On Saturday, March 23, a reported 1.2 million people took part in the “March for Our Lives,” a nationwide demonstration demanding changes to existing gun laws. The demonstrations were spearheaded by the young survivors of last month’s massacre at Marjory Stoneman Douglas High School in Parkland, Florida, in which 14 students and three staff members were killed by a former student wielding an AR-15 semiautomatic rifle. In spite of rain and near-freezing temperatures, around 500 area supporters of varying ages, genders and ethnicities – along with about 15 somewhat less-diverse detractors – gathered in front of the statue of Abraham Lincoln at the Capitol in Springfield for a rally at noon Saturday. Several speakers, almost exclusively central Illinois teenagers, addressed the crowd with passion and defiance.
“It’s time to put your preconceived notions about what it means to be a teen in 2018 aside and listen to us scream at the top of our lungs,” said Claire Farnsworth, 18, a senior at Glenwood High School, speaking through an electric bullhorn. “We’re not self-absorbed, materialistic morons – we are smart and we are engaged and we are tired of being written off and treated as if our voices don’t matter because we’re young.” She went on to praise Emma Gonzalez and the other Parkland survivors who have braved ridicule and worse by taking to the media to get their message across, calling them her heroes for “turning pain into action and demanding policy change in the wake of trauma.”
As Farnsworth spoke, one of the small group of counter-protestors attempted to drown her out with repeated shouts of “I call BS,” a repurposed quote from a speech given by Parkland survivor Gonzalez in February. After Farnsworth completed her speech, the crowd responded with a chant of “Shame on the NRA.”
The next speaker was Amelia Cox, a freshman attending Glenwood High School, who was identified as being eligible to vote in 2021. “Truthfully, I have never been involved in activism before because I was scared,” she said. “I am no longer scared. I am appalled at how gun culture in America has become normalized and how no one is doing anything about it.” Cox also said that after the school shooting in Florida, her teachers expressed fear for their lives. “How am I expected to feel safe?” she asked.
Next, in response to continued attempted disruptions from the pro-gun faction gathered on the other side of Second Street, holding signs with slogans such as “Arm Our Teachers” and “Honest Government Does Not Fear Armed Citizens,” Farnsworth said, “We respect the right of all of you to protest but be respectful, please, during others’ speeches,” followed by enthusiastic cheering from the crowd and a brief chant of “Hey-hey, ho-ho, the NRA has got to go.”
“This is not a political issue and it never was,” said the next speaker, Lillian Stevens, a student at Springfield High School who said she voted for the first time this year. “This is an issue of humanity and we have waited too long for the grownups to make any decisions.” Stevens went on to decry apathy and desensitization to violence on both the national and local level. “Even in our hometown, with each passing high school bomb threat, the process became more and more mundane to us,” she said. “We will be the generation that makes sure that every single child won’t have to question the existence of their future.” Next, Elena Watt, 18, also of Springfield High School, read an essay addressing the glorification of gun violence in contemporary youth culture, particularly among people of color.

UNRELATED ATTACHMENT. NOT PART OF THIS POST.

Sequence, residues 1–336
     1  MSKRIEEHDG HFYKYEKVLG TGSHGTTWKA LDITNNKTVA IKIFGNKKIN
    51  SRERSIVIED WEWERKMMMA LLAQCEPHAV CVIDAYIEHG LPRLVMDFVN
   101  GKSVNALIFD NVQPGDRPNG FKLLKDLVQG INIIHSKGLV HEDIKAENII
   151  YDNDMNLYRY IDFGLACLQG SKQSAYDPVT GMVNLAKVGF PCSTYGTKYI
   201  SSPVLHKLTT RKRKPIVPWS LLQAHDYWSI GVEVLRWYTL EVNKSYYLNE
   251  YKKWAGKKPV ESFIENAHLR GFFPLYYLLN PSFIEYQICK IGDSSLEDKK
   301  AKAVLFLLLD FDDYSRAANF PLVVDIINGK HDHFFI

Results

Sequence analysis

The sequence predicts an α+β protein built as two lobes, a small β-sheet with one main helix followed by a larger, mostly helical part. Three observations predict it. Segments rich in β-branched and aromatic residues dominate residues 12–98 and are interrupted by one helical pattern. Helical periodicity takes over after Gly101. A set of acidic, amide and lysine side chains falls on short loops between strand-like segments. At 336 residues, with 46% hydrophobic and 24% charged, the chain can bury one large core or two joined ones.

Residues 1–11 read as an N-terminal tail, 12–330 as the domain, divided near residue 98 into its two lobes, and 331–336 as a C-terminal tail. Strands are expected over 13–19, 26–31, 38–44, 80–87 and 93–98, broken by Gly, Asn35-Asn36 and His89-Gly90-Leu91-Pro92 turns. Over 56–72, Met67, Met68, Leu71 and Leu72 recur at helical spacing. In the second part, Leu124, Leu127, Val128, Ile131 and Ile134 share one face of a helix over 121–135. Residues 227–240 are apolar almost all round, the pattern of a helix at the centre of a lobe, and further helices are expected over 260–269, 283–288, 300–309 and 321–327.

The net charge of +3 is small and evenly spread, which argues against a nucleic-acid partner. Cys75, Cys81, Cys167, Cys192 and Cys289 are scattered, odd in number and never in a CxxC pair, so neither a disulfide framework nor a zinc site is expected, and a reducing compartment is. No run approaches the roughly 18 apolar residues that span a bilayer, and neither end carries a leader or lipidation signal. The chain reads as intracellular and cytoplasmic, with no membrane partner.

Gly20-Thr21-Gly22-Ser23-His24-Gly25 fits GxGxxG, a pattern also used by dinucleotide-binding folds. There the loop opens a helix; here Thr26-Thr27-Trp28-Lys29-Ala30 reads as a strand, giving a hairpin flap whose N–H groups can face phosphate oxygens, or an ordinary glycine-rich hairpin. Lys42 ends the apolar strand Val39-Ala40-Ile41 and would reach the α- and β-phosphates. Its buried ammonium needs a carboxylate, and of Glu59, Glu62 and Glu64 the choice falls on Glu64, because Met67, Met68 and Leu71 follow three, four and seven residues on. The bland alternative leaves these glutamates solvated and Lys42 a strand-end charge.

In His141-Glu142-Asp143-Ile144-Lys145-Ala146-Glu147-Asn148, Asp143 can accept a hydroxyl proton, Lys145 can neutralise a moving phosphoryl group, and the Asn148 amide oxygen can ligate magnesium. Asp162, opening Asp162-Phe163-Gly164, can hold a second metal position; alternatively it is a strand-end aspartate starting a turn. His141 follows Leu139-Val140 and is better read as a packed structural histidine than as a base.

Samiya Hamid, 18, a Glenwood High senior who voted for the first time on March 20, said, “The politicians who accept money from the NRA let this happen and it makes me feel unsafe to live in this country, a place that is meant to embody freedom. We need to vote corrupt congressmen out. Everyone I love is in danger when the NRA is in power. Let this be the year of reform, of safety.” Hamid concluded her speech by listing the names of all 17 victims of the Parkland massacre.
The rally concluded with a short speech by Democratic 13th District congressional candidate Betsy Dirksen Londrigan. “The adults in the room have let you down,” she said. “I will be an adult who will stand up and help students, help our communities, help our schools and keep us safe.” Dirksen Londrigan referred to her anxiety as a parent with a child in public schools in the current climate, as well as her time as a middle school teacher. “In my very busy, very fun, very lively classroom, the last thing that would have kept my students safe was another loaded gun,” she said. “I vow to never, ever take a dime from the shadow-monster that is the NRA. Moms, dads, grandmas, grandpas, legal gun owners, non-gun owners and students of all ages – we are joining forces, we are the rebellion.”
Scott Faingold can be reached at firstname.lastname@example.org.